Steve TaylorCarl HowardDave WhittakerBobPaul O'NeillJo Whittaker

Photo by Larry Candler

"I'm addicted to music. Other addictions have come and gone but music is with me all the time at home, in the car, at work and in my head! There's always some melody or other floating around in there. Trouble is I'm too lazy to learn an instrument properly so that I can write my own stuff. I can play basic chords on a guitar when the mood takes me and if I aim the sticks right and the wind doesn't change then with a bit of luck I connect with a drum! Other than that I'm pretty useless.

Thank god I have had the good fortune to be with this bunch of wonderful musicians that is Strangefish. The music they create has coaxed those melodies out and coupled with the fact that I can also string sentences together in the form of lyrics then at times we can be pretty formidable. They really don't seem to mind me ballooning about in front of them on stage either. I try my best to put them off whilst they are in the middle of some complex solo or other by waving my arms emphatically in front of their faces or bouncing beach balls off their heads but they keep coming back for more so I must be doing something right.

It's all about having fun and aside from the creativity that's what the band is there for. It's a break from the norm, letting your hair down even though it's not there anymore, a way of letting off steam at the end of a working week.

I can't believe we stopped doing it for so long!"


Photo by Larry Candler
"Singing has been in my blood for as long as I can remember; my earliest recollection is of being two years old and I haven't really stopped since, getting most of my training from various choirs, such as primary school, church, Oldham Girls' Choir etc. - every opportunity, really.

My musical tastes changed direction quite abruptly one day when I heard Ann Wilson from Heart. What a voice, and what fantastic melodic music! Rock music! That was what I had been looking for. It made me realise that singing solo was becoming less appealing. I wanted to be a singer in a rock band and, after meeting like-minded musicians, that is exactly what I became. This is how I met Dave, who a few years later became my husband; and Carl, who has been a good friend ever since.

In the late 80's my musical tastes widened. I discovered Styx, who to this day are one of my all-time favourite bands. I just love the theatricality of the music and the creative use of melody with both the voices and instruments.

It's completely thrilling and exciting to be involved in writing new material. I count myself very lucky to be a part of something so special."

Photo by Larry Candler

"I'm the youngest (ages on a postcard please!) and also the quietest spoken member. I started playing guitar at 15, back in the days when Heavy Metal was king (I was a big Iron Maiden fan as a teenager. The first gig I attended was Monsters of Rock at Donnington Park, 1988)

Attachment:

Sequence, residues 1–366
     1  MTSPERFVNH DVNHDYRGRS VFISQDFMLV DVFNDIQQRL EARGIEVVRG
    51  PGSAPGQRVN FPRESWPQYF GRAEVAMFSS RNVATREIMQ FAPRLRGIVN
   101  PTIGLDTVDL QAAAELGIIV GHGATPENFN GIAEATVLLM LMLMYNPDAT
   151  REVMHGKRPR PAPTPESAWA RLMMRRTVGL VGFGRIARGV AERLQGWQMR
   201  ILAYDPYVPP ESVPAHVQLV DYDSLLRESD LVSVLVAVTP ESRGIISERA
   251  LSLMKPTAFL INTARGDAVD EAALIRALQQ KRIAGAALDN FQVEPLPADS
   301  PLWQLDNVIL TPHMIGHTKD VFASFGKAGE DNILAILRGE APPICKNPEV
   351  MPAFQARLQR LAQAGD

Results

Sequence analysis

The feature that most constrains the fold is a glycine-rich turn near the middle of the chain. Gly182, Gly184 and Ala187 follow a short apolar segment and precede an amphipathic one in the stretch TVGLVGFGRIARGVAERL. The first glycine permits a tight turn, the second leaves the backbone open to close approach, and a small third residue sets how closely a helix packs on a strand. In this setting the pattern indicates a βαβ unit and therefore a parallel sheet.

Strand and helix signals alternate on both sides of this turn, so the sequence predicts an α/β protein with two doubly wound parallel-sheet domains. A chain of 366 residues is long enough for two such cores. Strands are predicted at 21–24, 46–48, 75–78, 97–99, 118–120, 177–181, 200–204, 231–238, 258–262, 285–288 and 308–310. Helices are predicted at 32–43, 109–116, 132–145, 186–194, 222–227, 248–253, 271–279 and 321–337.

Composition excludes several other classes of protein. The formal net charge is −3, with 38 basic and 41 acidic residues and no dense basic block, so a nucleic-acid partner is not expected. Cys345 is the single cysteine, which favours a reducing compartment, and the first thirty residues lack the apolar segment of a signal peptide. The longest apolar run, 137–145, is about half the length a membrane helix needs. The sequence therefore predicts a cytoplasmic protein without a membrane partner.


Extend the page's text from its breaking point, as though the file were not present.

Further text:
As a young lad, I'd spend Saturday afternoons at home with Mum playing Elvis and Bill Haley on the record player (don't you just love vinyl!) In the evening, (hello Zeppelin fans!) my uncle, who also lived at the same house, would play his records in the backroom; Deep Purple, Led Zeppelin, Jimi Hendrix, Cream, The Groundhogs, Shel Silverstein (is there anyone out there with a copy of 'Inside Folk Songs'?) and a little known band called The Beatles.

He also introduced me to PROG. He loaned me Fragile by Yes. And I lapped it up, loved it. It was so 70's, but I loved it. It was when I joined Strangefish that my progressive rock vocabulary grew. Paul introduced me to 'Selling England by The Pound' by Genesis, plus more Yes with some It Bites to finish. And this is the part where I say that Francis Dunnery is one of my all time musical influences. Today, I listen to all kinds of music regardless of whether it's pop or prog. From Led Zeppelin to Prince, Frank Zappa to Air, Richard Thompson (who I also admire) to Tenacious D, diversity is my middle name.

When you're in the presence of people who are not only band members but your mates, and top ones at that, life in Strangefish is bloody good. Friendship, support, comedy, and the fusion of six creative and talented musicians are the qualities that make this band stand out."


Photo by Larry Candler

"I've always been deeply affected by music, so I guess it was inevitable that I would wind up in a band. It wasnt until I discovered prog that my previously tedious piano lessons began to make sense. Ironically, it was at that point that my piano teacher threw me out because I was trying to play in my own way, rather than how it was written down.